• @Trik – yes, that’s correct. There’s really more similarities between the two methods than there are differences, and that’s why you can use them to do sanity checks against one another.

  4. Hi Khai Yin, may i have the said “Excel Template” please. Thank you and best regards.

  5. khai yin, it would be glad if you can send me also the spreadsheet and the video…need it so much to understand it more.. many thanks!!

  6. hi Khai Yin,
    I would love to have the Excel Template too once you are done with the video guide.
    Thank you and have a great day!

  7. Frederick says:

    Just a small clarification on cost method. You use land size x Cost of construction i.e 4000 x $200 =$800,000. It should read as : built up areas desired or permitted x $200. This is applicable to mostly landed structures.

  8. Hi Khai Yin, may I have the Excel Template, once you are done with the video guide? Thank you very much, appreciate it. =)

  9. Mungsar says:

    Hi, Khai Yin,

    Please include me to your list too for the valuation spreadsheet. Thanks heaps!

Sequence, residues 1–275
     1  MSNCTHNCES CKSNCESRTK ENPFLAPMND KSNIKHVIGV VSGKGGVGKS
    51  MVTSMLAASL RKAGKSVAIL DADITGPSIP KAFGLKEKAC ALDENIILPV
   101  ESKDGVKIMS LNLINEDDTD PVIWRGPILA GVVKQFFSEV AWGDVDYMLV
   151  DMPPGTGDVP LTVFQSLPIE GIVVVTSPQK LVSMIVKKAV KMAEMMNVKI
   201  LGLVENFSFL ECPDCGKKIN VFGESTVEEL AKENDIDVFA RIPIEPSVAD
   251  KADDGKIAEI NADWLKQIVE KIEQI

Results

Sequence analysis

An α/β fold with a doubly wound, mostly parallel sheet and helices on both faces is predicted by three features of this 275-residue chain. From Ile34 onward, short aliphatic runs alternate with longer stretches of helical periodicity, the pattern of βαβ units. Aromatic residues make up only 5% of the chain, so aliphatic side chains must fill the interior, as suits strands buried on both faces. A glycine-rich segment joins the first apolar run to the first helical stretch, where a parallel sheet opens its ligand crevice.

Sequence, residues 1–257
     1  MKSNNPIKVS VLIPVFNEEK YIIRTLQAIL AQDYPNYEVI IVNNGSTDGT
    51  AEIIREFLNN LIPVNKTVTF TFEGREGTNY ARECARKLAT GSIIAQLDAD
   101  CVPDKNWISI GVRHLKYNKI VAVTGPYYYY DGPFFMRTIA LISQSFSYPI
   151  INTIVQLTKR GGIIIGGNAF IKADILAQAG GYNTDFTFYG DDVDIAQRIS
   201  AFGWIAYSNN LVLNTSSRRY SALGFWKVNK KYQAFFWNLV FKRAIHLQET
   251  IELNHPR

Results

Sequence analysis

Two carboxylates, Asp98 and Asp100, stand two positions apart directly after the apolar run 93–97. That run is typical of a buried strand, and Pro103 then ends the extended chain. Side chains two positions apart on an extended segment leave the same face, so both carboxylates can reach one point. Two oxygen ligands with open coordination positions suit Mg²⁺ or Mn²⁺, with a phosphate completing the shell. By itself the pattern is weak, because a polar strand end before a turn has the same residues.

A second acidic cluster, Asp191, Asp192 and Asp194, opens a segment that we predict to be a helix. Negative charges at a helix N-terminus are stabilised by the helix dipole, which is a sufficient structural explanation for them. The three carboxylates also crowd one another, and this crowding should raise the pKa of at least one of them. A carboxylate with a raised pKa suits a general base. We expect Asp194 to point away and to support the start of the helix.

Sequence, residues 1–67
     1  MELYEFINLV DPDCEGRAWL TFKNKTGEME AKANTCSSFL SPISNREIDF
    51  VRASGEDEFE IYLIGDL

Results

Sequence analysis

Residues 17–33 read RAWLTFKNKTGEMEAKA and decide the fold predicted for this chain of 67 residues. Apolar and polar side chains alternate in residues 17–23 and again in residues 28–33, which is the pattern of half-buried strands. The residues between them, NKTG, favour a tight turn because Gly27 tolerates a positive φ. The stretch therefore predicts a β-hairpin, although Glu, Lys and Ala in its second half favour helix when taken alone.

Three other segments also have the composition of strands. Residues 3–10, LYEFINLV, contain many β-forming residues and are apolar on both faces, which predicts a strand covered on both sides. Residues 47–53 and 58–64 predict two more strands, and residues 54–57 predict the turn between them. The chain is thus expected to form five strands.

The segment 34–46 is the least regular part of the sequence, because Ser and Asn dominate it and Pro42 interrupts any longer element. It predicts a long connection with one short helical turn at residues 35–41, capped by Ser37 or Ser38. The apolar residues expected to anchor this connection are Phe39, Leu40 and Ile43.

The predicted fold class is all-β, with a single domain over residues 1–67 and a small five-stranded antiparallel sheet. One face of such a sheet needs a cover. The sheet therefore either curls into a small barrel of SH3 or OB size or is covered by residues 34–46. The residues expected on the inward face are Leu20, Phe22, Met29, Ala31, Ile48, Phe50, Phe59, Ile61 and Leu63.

10. Hi Khai Yin,

    First of all, great job on the website..

    Would really appreciate it if you could send me a copy of the template as well..Thank you..!!

  11. Hi Khai Yin

    Please add me to the dist list of the spreadsheet as well ! Thanks ! 🙂

    • Hi Khai Yin

      Great insight — I learn more from your website than what so called Property Gurus taught
      Thanks for generously sharing your knowledge!
      Would love to have your EXCEL template, too

  12. Hi Khai Yin, I just come across this piece of valuable article.

    I appreciate if you could send me a copy of the excel template and video guide as well.

    Thank you!

  13. Nicholas Chee says:

    Hi Khai Yin

    I would appreciate it very much if you could send me the Excel template. Thanks for sharing.

  14. abdulazeem says:

    Hi Khai Yin, could you send me the excel template please. Thanks.